TQ: I did a lot of research, reading and talking to the experts before starting my business and taking transition/re-entry seminars into international schools. Sadly, the seminars were not as well-attended as I and the school administrators had hoped. Many students truly felt they did not need to be told how to go “home.” So I decided to put my seminar into a book that parents or others could place in their students’ hands as they were leaving for college. It would serve as a useful handbook for their transition whether they read it in full or only turned to when in dire straits. Since I already had the seminar in full swing, the first draft went rather quickly.

JS: Who do you hope reads this book and what do you hope they come away with after reading?

TQ: There are several categories of people that would benefit by reading this book.

–       My hope is that students who have been living outside their passport country and are returning for college or even high school will read it. While it goes into a lot of the practicalities of college life, the psycho-social/emotional issues are relevant to both high school-aged and college-aged students.

– Students who have been living outside their passport country but are transitioning on to another host country for college will have the same experiences because of the fact that they have stepped out of that third culture and will be surrounded mostly by those with whom there is no shared experience.

–       Even students who are moving to a new culture for the university experience will find this useful as they will go through the same stages of transition as TCKs and the book will help them understand that the stages are predictable and normal.

–       There is a chapter that has been written specifically for the parents to help them  prepare and support their global nomads in the university transition.

–       And lastly, my hope is that institutions that either send or receive these students on either side of their transition will read it to understand what their challenges are and how they can help students either leave or enter well, whichever the case may be.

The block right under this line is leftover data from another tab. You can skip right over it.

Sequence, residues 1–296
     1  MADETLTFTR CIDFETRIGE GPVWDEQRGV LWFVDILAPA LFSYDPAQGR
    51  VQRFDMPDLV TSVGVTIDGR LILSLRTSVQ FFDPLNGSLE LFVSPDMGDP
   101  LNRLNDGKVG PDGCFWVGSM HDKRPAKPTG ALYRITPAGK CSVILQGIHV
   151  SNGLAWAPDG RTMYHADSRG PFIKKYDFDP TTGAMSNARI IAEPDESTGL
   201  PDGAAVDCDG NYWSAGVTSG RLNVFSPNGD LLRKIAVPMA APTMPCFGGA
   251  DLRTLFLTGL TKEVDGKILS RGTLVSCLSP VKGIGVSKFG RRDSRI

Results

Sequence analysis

JS: Outside of writing, in what other ways are you involved in the lives of TCKs and the internationally mobile?

TQ: I spend a lot of my time trying to spread awareness of the TCK experience amongst institutions of higher education, international schools, agencies that send families abroad and mental health counselors by giving talks and workshops as well as presenting at conferences. Another sphere of my work involves serving as a resource consultant for relocation companies that give cross-cultural training to families that are either expatriating or repatriating. I am often called in to talk about international parenting and third culture kids. And lastly, I am serving, along with you, Josh, on the advisory committee of TCKid, a non-profit community of over 21,000 members dedicated to help Third Culture Kids connect and find a sense of belonging.

JS: Thanks Tina! It’s an honor to know and work with you. I wish all the best to you and International Family Transitions as you continue working to serve the global TCK community.